Bilingualism and Early Language Intervention- Are Bilingual Children More Likely to Experience a Language Delay?

Written by Vince Borg


Certified Practicing Speech Pathologist
B.Sc, B.Sp.Path, C.P.S.P

There are many questions we get asked as speech pathologists, especially when working with children presenting with an early language developmental delay.

The most common question is whether learning more than one language can negatively impact a child’s overall language development. The simple answer is no. 

First, we need to understand what bilingualism is and the way in which children learn more than one language. 

-Bilingualism is fluency in or use of two languages (Oxford Languages, 2023). 

-Simultaneous bilinguals are children who acquire two languages before the age of 3.

-Sequential bilinguals are children who learn a second language after the first language is well established.

Debunking Myths around Language Development and Delays

It’s understood that around 22.3% of Australians use another “main language” and around 460 languages have been identified in Australia (ABS, 2022).

Based upon this information, it can be assumed that with percentage of bilingual homes have increased and with that, children are more likely to be exposed to more than one language. 

Multiple studies have been conducted to understand the impacts of acquiring more than one language and all evidence that has been conducted suggests that bilingual children are not more likely to experience a language delay.

A bilingual child who is presenting with a language delay is most likely experiencing a language disorder NOT caused by learning more than one language (Lowry, 2015).

A bilingual child’s overall vocabulary acquisition in each language may be smaller than a monolingual child’s. But a combination of both languages will most likely be the same as a monolingual child

Further research has shown us that there have been no negative impacts from bilingualism on children with a specific language impairment, down syndrome and/or autism spectrum disorder (ASD) (Lowry, 2012). 

A bilingual child does not have an extra delay or difficulties than a monolingual child who is also presenting with a language delay.

Should I focus on one main language if my child is presenting with a language delay?

It’s common for parents to worry that learning two languages simultaneously can impact a child’s language development.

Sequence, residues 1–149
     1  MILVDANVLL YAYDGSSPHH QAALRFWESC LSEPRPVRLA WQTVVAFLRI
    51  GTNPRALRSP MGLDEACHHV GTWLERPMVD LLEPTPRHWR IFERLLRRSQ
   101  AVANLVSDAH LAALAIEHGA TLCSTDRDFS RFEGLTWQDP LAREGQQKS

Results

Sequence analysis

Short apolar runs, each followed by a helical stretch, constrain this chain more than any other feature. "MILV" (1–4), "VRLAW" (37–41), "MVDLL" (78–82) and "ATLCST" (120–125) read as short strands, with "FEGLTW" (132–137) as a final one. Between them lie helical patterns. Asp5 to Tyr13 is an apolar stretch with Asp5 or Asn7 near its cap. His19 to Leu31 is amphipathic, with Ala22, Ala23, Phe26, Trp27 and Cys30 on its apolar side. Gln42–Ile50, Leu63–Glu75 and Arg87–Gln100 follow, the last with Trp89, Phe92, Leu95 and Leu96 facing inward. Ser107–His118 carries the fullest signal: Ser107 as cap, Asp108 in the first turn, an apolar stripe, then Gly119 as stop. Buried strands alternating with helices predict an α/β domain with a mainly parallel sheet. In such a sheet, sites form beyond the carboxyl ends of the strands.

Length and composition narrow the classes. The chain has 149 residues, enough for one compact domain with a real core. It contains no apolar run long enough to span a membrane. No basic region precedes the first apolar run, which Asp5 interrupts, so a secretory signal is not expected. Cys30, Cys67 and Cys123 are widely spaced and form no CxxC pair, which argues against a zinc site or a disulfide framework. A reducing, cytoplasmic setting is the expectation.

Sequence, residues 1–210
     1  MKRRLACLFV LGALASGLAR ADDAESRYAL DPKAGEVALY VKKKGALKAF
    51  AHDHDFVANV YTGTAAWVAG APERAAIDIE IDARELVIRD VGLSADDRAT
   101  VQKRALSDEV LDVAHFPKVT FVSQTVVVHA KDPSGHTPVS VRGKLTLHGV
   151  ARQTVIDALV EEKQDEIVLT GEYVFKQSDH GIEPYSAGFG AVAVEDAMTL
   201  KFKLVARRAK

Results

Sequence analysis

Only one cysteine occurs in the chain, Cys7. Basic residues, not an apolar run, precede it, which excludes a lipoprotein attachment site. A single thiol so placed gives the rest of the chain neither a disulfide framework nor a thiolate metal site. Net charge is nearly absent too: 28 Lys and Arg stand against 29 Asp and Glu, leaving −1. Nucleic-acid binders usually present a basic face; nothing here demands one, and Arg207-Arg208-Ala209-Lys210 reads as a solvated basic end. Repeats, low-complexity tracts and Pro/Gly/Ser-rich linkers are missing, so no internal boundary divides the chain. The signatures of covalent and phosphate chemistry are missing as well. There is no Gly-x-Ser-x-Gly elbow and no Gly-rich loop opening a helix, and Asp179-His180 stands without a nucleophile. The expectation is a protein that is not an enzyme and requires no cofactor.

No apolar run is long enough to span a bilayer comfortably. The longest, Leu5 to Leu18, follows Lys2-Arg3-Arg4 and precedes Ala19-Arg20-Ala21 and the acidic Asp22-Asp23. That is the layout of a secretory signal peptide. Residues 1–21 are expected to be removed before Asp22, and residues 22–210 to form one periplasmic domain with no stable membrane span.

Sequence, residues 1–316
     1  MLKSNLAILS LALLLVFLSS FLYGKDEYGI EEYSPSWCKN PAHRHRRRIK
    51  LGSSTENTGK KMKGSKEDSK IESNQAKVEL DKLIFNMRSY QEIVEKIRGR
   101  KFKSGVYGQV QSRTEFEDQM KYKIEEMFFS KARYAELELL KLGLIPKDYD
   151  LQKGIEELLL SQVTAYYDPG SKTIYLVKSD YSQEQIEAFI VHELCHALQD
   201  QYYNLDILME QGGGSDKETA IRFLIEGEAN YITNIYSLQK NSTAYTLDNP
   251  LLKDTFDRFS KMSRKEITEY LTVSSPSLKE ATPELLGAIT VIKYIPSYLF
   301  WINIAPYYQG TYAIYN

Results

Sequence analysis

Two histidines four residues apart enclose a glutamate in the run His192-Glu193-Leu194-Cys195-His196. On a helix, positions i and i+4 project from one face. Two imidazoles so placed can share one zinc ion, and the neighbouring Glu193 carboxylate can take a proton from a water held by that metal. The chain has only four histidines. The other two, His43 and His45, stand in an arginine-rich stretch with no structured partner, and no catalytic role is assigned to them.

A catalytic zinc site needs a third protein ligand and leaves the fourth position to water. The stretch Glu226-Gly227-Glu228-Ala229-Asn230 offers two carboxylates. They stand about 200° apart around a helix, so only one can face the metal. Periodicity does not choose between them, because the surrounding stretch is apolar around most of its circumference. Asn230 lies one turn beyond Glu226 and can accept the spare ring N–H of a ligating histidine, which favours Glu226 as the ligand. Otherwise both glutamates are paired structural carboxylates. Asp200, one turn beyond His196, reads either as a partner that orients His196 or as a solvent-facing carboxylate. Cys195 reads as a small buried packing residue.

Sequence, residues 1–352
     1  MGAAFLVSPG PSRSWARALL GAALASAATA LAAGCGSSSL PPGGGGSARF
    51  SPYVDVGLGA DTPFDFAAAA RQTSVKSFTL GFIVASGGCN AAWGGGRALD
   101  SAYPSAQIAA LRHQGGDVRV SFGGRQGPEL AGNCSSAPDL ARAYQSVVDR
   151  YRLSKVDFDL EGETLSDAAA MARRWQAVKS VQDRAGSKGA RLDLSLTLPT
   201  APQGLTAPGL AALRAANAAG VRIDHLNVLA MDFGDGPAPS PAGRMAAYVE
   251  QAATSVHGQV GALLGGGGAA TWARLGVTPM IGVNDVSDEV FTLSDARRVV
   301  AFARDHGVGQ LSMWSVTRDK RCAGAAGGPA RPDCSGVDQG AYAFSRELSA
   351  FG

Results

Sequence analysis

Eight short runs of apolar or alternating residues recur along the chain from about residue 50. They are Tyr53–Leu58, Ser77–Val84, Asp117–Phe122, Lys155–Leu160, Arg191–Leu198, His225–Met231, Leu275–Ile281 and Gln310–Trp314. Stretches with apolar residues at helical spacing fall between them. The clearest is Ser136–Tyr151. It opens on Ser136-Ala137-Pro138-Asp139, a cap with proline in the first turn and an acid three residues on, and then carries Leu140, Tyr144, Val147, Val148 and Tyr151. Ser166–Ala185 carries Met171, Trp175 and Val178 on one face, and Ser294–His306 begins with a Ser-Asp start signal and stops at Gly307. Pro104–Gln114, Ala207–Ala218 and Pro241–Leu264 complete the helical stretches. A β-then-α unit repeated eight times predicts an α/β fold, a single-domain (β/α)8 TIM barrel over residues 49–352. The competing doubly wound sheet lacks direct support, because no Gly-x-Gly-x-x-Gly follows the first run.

If parents are wanting to implement the use of two languages within the home, this should be encouraged.

Occasionally, further issues can arise if a second language is suddenly withdrawn as the child may begin to feel disconnected from their family and the home language.

A link between the child and their culture can be jeopardised.

Alongside the impact on relationships and interactions between family members should they choose to speak this language between one another and not the child.

Instead, if the parents are wanting to implement the use of two languages within the home, this should be encouraged by continuing to expose their child to both languages consistently in order to support their complete language acquisition and development.

Evidence suggests that children presenting with a language delay that have a home environment with more than one language should be given every opportunity to acquire more than one language as it is a useful and important skills (Genese, 2009). 

Overall, it is important to speak with a qualified speech pathologist in regards to any concerns you have regarding your child’s overall language development.

A qualified speech pathologist can support you and your family in being able to implement language development strategies for either monolingual or bilingual children in a natural and functional way. 

If you are concerned with your child’s language, please call Box Hill Speech Pathology clinic on 03 9899 5494

References

ABS, Australian Bureau of Statistics . (2022). Understanding and using Ancestry data. https://www.abs.gov.au/statistics/detailed-methodology-information/information-papers/understanding-and-using-ancestry-data 

Genesee, F. (2009). Early Childhood Bilingualism: Perils and Possibilities. Journal of Applied Research in Learning, 2 (Special Issue), 2, 1-21.

Lowry, L. (2015). Bilingualism in young children: Separating fact from fiction – hanen. The Hanen Centre. https://www.hanen.org/SiteAssets/Helpful-Info/Articles/Bilingualism-in-Young-Children-PF.aspx 

Lowry, L. (2012). Can children with language impairments learn two languages? – hanen. The Hanen Centre. https://www.hanen.org/SiteAssets/Helpful-Info/Articles/can-children-with-language-impairments-learn-2-lan.aspx

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